Recently I have been working on a project for my kids. Of course since it was a new project I decided to do it in the newest version of Swift. I wanted to make some simple games that could help my young ones learn.

I love playgrounds and all that they enable us to do. I came across this project that [@uraimo][uraimo] which has a running list of [Awesome Swift Playgrounds][Awesome-Swift-Playgrounds]. There is one for spriteKit, which I really wanted to make a game with but of course it was written in Swift 2.2 I was not about to let that hold me back so I went ahead and started trying to convert it to Swift 3. I went through all the changes that Xcode suggested and finally made it to a point where I had no errors. The issue was that the example did not perform the way it did previously. After going back and converting each function 1 by 1. I determined the function that was not being called.

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func didBeginContact(contact: SKPhysicsContact) {
        // Executed if the ball makes contact with the block.
        if contact.bodyA.categoryBitMask == CategoryBitMask.Ball && contact.bodyB.categoryBitMask == CategoryBitMask.Block {
            let block = contact.bodyB.node as! SKSpriteNode
            // Turn the block gray if it hasn't been hit yet.
            if block.name == "Block" {
                block.color = SKColor.darkGray
                block.name = "HalfBlock"
            }
            // Remove the block from the scene if it has already been hit.
            else {
                block.removeFromParent()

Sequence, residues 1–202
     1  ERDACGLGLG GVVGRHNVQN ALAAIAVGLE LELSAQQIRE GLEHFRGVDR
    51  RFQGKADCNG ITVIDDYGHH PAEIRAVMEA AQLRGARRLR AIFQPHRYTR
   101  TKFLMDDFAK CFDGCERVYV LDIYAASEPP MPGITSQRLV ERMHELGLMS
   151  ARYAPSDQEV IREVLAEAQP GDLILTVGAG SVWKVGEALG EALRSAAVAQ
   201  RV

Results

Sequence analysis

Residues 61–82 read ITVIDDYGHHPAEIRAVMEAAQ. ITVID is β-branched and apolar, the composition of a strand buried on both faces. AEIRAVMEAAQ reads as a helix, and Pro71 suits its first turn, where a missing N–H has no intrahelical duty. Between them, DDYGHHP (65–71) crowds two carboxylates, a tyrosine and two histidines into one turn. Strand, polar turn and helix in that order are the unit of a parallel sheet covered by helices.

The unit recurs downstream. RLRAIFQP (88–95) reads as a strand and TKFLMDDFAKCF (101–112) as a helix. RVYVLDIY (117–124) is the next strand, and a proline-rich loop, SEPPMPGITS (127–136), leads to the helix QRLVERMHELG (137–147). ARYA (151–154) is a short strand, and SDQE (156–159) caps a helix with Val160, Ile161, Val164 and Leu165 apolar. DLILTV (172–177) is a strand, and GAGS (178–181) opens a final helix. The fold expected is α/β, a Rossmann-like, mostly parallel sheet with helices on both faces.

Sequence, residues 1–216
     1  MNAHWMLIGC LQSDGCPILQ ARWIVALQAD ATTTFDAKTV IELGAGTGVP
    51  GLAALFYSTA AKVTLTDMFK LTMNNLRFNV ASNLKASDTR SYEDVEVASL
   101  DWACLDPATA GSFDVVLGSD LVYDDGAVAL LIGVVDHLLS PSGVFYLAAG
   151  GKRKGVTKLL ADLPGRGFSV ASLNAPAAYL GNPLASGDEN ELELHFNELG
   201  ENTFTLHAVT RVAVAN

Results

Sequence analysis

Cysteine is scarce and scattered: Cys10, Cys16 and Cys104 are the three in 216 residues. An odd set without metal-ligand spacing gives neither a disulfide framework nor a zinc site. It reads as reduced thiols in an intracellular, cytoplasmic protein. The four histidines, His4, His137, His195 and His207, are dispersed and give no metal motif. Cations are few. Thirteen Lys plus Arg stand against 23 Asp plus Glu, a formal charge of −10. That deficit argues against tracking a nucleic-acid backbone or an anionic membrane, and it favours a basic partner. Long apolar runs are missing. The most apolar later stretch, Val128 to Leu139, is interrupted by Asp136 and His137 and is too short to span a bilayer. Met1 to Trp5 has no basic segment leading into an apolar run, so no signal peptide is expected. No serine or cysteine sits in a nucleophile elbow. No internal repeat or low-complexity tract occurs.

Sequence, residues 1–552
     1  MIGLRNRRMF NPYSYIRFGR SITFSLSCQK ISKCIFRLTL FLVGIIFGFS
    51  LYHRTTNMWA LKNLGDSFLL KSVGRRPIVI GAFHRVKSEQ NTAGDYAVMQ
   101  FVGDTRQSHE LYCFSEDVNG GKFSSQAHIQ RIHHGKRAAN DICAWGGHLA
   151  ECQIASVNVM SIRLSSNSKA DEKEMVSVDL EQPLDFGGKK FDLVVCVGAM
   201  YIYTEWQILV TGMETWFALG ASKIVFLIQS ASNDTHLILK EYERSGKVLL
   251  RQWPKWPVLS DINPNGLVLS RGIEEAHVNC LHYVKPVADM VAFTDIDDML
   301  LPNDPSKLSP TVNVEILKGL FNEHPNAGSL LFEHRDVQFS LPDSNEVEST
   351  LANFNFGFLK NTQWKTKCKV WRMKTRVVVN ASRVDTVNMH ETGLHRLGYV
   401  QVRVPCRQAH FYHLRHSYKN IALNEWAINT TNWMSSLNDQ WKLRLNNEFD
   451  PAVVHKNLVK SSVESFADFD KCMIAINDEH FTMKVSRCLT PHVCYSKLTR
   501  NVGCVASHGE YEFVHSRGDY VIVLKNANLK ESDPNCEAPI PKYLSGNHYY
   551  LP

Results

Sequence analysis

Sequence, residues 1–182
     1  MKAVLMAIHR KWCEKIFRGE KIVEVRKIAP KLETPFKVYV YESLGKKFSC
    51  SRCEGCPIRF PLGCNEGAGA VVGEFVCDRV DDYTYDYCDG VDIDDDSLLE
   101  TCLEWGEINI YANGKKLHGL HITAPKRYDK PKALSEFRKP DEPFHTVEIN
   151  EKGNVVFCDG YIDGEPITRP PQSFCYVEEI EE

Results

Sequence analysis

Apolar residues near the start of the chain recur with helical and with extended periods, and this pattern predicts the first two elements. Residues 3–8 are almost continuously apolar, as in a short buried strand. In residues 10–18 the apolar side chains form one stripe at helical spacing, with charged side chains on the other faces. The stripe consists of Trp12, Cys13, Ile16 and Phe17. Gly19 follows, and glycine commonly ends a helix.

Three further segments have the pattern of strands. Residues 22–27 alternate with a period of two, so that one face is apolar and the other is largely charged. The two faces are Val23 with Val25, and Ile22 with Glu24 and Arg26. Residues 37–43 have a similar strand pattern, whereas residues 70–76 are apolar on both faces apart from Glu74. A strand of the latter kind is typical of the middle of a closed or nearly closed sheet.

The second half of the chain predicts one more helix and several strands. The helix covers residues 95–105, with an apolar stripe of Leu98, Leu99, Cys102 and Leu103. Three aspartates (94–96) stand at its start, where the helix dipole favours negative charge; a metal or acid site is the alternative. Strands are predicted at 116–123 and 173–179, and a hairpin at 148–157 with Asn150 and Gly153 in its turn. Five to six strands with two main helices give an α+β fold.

}
        }
    }

Then the next step was to figure out what I am missing but when I would try and find something it was already outdated. Even Apple’s documentation was for objectiveC. Then it hit me that this function was not that swifty which is what allot of the changes for Swift 3 were all about. There is to much redundancy func didBeginContact(contact: SKPhysicsContact) { and therein lies the solution. See Xcode suggested to add the perimeter contact: and technically the method is valid so no errors were thrown. But this method is key for detecting collision between two objects and is the method that conforms to SKPhysicsContactDelegate. So since swift is aiming to be super readable if you take out the brackets it should read like a sentence of sorts. “did Begin Contact contact SKPhysicsContact” is a super redundant sentence in my book. Take out the first contact and all is well. I don’t know why Xcode did not remove it when it added the parameter label like it does in many other instances but that is neither here nor there.

So I corrected my mistake and everything works just as it should. Corrected Code :

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func didBegin(_ contact: SKPhysicsContact) {
        // Executed if the ball makes contact with the block.
        if contact.bodyA.categoryBitMask == CategoryBitMask.Ball && contact.bodyB.categoryBitMask == CategoryBitMask.Block {
            let block = contact.bodyB.node as! SKSpriteNode

            // Turn the block gray if it hasn't been hit yet.
            if block.name == "Block" {
                block.color = SKColor.darkGray
                block.name = "HalfBlock"
            }
            else {
                block.removeFromParent()
            }
        }
    }

Conclusion: When updating for Swift 3 don’t trust XCode (She will lie to you). Make sure you understand what is going on with the code and check your syntax. Allot changed but I think allot has really improved with the changes.

Now go out there and explore, change variables and learn about SpriteKit more, if you would like to check out the playground you can get the updated Swift 3 version here